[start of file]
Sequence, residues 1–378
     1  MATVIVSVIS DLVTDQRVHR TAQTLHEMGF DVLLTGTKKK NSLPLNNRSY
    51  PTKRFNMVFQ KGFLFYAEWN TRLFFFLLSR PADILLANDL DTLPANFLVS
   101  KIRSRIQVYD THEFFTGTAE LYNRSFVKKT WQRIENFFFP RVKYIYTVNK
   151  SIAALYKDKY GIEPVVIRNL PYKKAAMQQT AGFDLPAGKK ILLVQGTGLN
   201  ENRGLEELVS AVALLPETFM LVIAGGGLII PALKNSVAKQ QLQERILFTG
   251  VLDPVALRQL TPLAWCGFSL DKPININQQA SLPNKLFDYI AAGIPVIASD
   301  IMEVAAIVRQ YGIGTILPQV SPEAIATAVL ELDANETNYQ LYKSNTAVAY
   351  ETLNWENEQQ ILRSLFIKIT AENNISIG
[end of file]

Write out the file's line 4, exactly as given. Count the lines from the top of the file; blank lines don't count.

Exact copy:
   101  KIRSRIQVYD THEFFTGTAE LYNRSFVKKT WQRIENFFFP RVKYIYTVNK